The youngest of 20 children, Fannie Lou Hamer was born Fannie Lou Townsend on October 6, 1917 in Montgomery County, Mississippi. From the age of 6 Fannie picked cotton with her family. She was allowed to attend the plantations’ one-room school house where she discovered her love for reading and poetry. However, at the age of 12 Fannie had to leave school to support her parents. She continued picking cotton and it said that at the age of 13 she could pick 200-300 pounds of cotton daily despite having a disfigured leg as a result of polio. She continued to develop her reading skills in Bible Study at her church, and in 1944, when her plantation owner found out that she was able to read and write, he selected her as the plantations’ time and record keeper. That same year, Fannie married a tractor driver on the plantation. Perry “Pap” Hamer and Fannie remained married for the next 18 years. Later, In 1961, while having surgery to remove a tumor Hamer was given a hysterectomy without consent by a white doctor. This was part of the state’s compulsory sterilization plan to reduce the number of poor blacks in the state and blacks in general. She is credited soon after for coining the phrase, “Mississippi appendectomy”.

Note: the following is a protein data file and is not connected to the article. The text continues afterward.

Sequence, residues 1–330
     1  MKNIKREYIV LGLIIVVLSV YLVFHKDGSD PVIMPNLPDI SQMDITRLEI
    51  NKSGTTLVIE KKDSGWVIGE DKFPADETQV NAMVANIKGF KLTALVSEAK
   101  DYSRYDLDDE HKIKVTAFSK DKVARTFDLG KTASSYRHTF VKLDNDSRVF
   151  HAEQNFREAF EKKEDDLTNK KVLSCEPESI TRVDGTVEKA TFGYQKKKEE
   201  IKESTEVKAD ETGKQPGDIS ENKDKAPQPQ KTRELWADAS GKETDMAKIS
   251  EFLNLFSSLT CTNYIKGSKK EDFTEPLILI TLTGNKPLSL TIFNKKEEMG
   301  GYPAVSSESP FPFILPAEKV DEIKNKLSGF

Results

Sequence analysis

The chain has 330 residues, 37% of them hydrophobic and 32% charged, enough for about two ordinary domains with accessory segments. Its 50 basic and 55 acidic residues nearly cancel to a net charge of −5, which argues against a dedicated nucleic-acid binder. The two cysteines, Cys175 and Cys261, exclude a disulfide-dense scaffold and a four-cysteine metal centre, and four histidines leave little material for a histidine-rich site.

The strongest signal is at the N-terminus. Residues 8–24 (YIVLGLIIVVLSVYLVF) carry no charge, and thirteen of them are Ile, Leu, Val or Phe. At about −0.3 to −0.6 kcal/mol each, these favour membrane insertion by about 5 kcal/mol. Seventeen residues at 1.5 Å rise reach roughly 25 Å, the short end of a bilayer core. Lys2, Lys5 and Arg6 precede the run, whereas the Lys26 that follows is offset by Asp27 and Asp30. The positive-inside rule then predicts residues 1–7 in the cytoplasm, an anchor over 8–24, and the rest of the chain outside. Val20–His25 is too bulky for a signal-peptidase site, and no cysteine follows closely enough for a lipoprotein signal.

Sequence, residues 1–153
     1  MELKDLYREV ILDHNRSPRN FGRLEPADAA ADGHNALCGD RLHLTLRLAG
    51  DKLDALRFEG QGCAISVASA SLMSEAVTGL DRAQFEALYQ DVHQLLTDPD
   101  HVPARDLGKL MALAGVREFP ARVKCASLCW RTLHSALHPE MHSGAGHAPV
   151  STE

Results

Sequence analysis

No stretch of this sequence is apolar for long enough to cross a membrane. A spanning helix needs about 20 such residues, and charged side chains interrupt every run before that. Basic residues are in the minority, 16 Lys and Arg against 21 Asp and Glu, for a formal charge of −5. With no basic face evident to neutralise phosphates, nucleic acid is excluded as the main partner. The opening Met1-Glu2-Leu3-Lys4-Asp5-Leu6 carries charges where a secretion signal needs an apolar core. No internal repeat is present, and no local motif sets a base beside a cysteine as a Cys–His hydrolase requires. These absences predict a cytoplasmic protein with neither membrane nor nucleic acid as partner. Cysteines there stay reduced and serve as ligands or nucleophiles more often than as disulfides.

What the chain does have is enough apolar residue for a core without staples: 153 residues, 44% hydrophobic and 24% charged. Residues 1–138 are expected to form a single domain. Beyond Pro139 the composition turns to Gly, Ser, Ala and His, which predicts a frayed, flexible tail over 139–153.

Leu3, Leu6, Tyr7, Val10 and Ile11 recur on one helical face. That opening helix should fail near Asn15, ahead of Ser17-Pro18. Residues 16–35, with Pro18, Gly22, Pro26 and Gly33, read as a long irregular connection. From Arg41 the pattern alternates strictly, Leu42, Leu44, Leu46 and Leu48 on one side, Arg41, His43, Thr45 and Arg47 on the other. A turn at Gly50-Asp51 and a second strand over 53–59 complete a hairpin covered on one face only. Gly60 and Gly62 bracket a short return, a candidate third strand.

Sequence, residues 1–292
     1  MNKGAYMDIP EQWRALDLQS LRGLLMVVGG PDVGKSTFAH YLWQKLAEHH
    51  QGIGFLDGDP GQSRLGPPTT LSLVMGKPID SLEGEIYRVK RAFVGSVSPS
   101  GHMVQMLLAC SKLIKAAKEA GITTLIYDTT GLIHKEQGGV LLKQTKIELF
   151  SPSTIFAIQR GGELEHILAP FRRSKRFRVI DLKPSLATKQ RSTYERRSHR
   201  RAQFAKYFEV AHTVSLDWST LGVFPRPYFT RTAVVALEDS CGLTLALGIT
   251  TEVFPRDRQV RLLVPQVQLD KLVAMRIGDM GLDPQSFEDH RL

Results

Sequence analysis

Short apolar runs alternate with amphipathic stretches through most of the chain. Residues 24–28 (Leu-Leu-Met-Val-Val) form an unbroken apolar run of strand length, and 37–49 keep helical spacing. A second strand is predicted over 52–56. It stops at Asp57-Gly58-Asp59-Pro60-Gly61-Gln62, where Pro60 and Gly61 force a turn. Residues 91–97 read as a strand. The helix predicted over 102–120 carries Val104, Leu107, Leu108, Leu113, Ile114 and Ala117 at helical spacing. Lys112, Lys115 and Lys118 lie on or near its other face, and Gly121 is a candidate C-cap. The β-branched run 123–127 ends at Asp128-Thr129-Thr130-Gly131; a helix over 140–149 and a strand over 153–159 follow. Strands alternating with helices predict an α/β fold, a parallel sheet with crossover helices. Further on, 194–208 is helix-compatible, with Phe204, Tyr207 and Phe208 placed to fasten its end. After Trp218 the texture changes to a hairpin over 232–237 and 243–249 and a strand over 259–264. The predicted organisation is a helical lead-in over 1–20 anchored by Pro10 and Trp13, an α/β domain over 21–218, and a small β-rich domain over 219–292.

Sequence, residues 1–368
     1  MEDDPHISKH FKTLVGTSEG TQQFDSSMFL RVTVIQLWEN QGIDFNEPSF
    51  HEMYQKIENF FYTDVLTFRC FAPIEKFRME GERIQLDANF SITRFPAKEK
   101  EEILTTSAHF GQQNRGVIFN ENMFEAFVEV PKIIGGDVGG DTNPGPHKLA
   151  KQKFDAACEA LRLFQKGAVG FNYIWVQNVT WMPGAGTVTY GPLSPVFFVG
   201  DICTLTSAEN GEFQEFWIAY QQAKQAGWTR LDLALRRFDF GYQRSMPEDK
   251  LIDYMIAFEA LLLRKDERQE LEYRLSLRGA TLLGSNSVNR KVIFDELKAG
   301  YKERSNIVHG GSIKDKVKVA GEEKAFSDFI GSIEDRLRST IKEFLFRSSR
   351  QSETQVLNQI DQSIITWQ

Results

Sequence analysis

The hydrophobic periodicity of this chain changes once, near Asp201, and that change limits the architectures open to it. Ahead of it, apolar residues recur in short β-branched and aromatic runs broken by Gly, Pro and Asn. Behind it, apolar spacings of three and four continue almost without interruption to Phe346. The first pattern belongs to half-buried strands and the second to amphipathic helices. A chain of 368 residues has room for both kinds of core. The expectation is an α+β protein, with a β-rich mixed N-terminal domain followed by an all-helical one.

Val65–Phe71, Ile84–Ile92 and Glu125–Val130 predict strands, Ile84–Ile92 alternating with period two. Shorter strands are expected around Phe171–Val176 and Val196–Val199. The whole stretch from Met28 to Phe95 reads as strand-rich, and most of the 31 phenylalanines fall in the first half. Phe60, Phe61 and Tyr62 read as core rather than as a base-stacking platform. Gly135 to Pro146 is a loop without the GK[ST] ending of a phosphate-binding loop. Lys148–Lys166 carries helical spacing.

Hamer became interested in the Civil Rights Movement during the 1950’s when she heard leaders in a local movement speak at the annual Regional Council of Negro Leadership. In 1962, Hamer learned about the right to vote from volunteers at a Student Nonviolent Coordinating Committee (SNCC) meeting. After this meeting, she began taking action in the civil rights movement. On August 31, Hamer traveled to Indianola, Mississippi to attempt to register to vote. She was not successful in this endeavor and when she returned home to the plantation she was fired by the plantation owner who had warned her against trying to register. Hamer’s husband was required to stay on the plantation until the end of the harvest season. On September 10, while staying with a friend, Hamer was shot at 16 times by the Ku Klux Klan. In fear of further retaliation, Hamer and her family moved to Tallahatchie County the next day where they stayed for three months. On December 4, Hamer returned to her hometown to take the literacy test but failed and was turned away. It is said that she told the registrar, “You’ll see me every 30 days till’ I pass.” Fannie said about the event, “I guess if I’d had any sense, I’d have been a little scared — but what was the point of being scared? The only thing they could do was kill me, and it kinda seemed like they’d been trying to do that a little bit at a time since I could remember.”